Wrestling: Tom Brands’ coaching tree on display at 57th Midlands Championships
HOFFMAN ESTATES, Ill. — Here inside Sears Centre Arena, Iowa wrestling coach Tom Brands is surrounded by several familiar faces.
In the corner on Mat 1, there’s Mike Evans, a three-time All-American for the Hawkeyes who’s now coaching at Campbell, telling a Camel wrestler to move his hands and feet.
Walking by Mat 2, there’s Matt McDonough, a two-time NCAA champion for Iowa who’s now coaching at Wisconsin, offering advice and encouragement to a Badger wrestler after winning a close match in the second round.
Underneath the arena, there’s Tony Ramos, another Hawkeye national champ and two-time Senior men’s freestyle world-teamer, who’s now the top assistant at North Carolina, helping a Tar Heel wrestler ready himself for his next bout.
Part of Brands’ coaching tree is on display here at the 57th Ken Kraft Midlands Championships. It has steadily grown over the years, stretching to as many as six different Division I wrestling programs (not counting his current assistants, of course).
The three here at Sears Centre Arena are still chasing their mentor. The top-ranked Hawkeyes sat atop the team standings after Day One with 115.5 points. Northern Iowa was in second (69.5), followed by Wisconsin (68.5) Illinois (57) and Princeton (53.5).
In all, 10 Iowa wrestlers reached the semifinals — teams can bring more than 10 — with another four in the wrestlebacks. Northern Iowa and Wisconsin were next, both with four.
Barring a barrage of upsets and letdowns, the Hawkeyes are in line to win their 29th Midlands team title.
“We love it,” Brands said. “We love having good results.”
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It is not uncommon for successful wrestling coaches to produce a lengthy coaching tree. Many of Dan Gable’s former wrestlers are still spread around the Big Ten — Tom Ryan at Ohio State and Jim Heffernan at Illinois, among others. Many more are at other schools around the country.
Brands’ coaching tree is starting to take shape, too. There’s Evans, McDonough and Ramos, but also Josh Dziewa at Drexel, Luke and Ethen Lofthouse at Utah Valley, Brent Metcalf and Derek St. John at Iowa State.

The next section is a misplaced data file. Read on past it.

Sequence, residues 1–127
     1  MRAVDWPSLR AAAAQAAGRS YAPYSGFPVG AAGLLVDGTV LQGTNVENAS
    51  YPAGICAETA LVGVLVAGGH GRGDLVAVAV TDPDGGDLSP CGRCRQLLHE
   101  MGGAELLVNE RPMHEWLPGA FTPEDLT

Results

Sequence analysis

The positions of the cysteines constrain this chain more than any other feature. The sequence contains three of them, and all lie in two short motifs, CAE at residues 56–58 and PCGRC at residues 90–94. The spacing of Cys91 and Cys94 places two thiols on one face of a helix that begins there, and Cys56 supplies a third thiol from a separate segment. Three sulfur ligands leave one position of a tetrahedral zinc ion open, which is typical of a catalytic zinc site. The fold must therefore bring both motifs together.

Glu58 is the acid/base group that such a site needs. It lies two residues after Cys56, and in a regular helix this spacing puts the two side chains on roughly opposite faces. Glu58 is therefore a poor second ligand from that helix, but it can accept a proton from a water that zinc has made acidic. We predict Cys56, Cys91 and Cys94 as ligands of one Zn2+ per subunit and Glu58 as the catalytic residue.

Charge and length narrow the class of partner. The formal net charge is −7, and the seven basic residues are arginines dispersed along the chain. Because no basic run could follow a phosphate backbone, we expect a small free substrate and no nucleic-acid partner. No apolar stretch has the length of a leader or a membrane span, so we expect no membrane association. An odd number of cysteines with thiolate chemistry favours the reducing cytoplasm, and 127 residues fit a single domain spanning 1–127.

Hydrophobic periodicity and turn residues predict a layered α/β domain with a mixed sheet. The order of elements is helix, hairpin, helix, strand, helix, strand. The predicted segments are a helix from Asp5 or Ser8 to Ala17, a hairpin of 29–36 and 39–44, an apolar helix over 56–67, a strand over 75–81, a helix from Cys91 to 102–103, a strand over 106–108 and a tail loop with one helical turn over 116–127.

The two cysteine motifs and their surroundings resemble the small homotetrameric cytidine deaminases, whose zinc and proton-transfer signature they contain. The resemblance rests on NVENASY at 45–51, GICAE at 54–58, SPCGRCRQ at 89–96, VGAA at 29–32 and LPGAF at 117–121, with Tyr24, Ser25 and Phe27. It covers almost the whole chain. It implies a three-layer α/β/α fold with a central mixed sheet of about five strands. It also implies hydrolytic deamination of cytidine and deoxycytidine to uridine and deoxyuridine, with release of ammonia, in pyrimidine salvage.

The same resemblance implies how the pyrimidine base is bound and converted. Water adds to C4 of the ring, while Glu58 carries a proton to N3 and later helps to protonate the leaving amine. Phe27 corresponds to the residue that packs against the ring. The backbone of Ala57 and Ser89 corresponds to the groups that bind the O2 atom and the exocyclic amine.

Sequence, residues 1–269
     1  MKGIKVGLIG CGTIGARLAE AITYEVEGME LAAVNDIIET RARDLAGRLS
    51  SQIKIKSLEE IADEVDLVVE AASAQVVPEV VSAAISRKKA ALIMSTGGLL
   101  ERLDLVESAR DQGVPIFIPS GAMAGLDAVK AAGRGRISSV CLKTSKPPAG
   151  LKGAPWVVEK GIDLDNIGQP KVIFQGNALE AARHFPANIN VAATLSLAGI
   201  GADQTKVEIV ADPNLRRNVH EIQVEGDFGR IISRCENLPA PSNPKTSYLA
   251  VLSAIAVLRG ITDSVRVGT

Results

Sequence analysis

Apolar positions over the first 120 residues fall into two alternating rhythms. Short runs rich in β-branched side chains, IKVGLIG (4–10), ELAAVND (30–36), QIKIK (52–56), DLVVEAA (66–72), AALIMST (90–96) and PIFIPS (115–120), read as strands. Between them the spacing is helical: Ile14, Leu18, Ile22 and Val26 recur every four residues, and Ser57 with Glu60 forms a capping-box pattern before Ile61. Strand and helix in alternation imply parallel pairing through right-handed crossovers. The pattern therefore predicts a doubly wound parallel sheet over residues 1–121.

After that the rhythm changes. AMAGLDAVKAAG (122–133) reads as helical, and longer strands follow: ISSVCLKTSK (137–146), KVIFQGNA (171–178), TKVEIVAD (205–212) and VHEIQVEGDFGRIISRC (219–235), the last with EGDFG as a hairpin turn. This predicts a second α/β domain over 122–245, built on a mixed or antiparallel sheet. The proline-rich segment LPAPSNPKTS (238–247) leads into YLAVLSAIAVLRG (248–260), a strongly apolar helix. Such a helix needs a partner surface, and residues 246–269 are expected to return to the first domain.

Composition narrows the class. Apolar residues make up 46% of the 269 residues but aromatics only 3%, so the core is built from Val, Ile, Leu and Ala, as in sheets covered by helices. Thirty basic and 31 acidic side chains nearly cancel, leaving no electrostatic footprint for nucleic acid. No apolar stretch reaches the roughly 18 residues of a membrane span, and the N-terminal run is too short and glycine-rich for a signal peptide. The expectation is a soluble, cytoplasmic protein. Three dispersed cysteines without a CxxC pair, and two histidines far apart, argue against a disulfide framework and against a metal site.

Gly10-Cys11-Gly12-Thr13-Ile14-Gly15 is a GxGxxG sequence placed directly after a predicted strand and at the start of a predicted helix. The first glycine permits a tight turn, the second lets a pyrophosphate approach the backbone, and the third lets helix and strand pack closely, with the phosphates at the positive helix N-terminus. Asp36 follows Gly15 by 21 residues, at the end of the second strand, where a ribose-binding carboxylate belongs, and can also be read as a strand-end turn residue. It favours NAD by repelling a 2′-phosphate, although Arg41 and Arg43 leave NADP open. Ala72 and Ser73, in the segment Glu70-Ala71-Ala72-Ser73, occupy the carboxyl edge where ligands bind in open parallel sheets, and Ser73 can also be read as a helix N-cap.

“I feel very blessed to have had a long history at Iowa with a lot of high-level people and high-level thinkers surrounding me that gave me a lot of knowledge,” McDonough told HawkCentral when he was hired at Wisconsin ahead of the 2018-19 season.
“I learned as much as I could, both the hard way and the easy way, and I want to take those tools and the knowledge I gained and give it to another group of guys. That’s the ultimate goal, to bring what you know to where you’re at.”
Each of the ones here at the Midlands are helping their new programs find success, too.
McDonough has been crucial in Wisconsin’s rise. Alongside head coach Chris Bono and assistant Jon Reader — both former Iowa State wrestlers — the Badgers have climbed to No. 5 in Trackwrestling’s Division I national poll, and have created plenty of excitement on the recruiting trail, too.
Evans is now the head assistant coach at Campbell, just one year after being promoted to a full-time assistant. The Camels sent a school-record six wrestlers to the 2019 NCAA Championships, and earned its first-ever top-25 ranking (they’re currently No. 32 by Track).
Ramos, the associate head coach at North Carolina under 2012 Olympic bronze medalist Coleman Scott, has helped lead the Tar Heels back to being a consistent top-25 team. North Carolina finished 19th at the 2019 NCAA Championships in March with two All-Americans. They’ve brought in back-to-back top-20 recruiting classes. They’re currently No. 18 by Track.
“We’ve already done some great things with the guys we already have here,” Ramos told HawkCentral shortly after he announced his retirement from competition in May. “… I have a special place for coaching in my heart. I love it.”
Time will tell if those three programs will catch the mighty Hawkeyes. Brands’ 2019-20 squad is primed to contend for the national team title in March. Iowa’s last NCAA team crown came in 2010 — when McDonough was a redshirt freshman national champ, Ramos was a true freshman and Evans was a senior in high school.
Each of them have seen their respective teams reach the highest level, in other words. They know what it takes, and are using the knowledge learned from their Hawkeye days to help their pupils now.
Cody Goodwin covers wrestling and high school sports for the Des Moines Register. Follow him on Twitter at @codygoodwin.
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57th Ken Kraft Midlands Championships
Team Standings after Session II
1. Iowa, 115.5
2. Northern Iowa, 69.5
3. Wisconsin, 68.5
4. Illinois, 57
5. Princeton, 53.5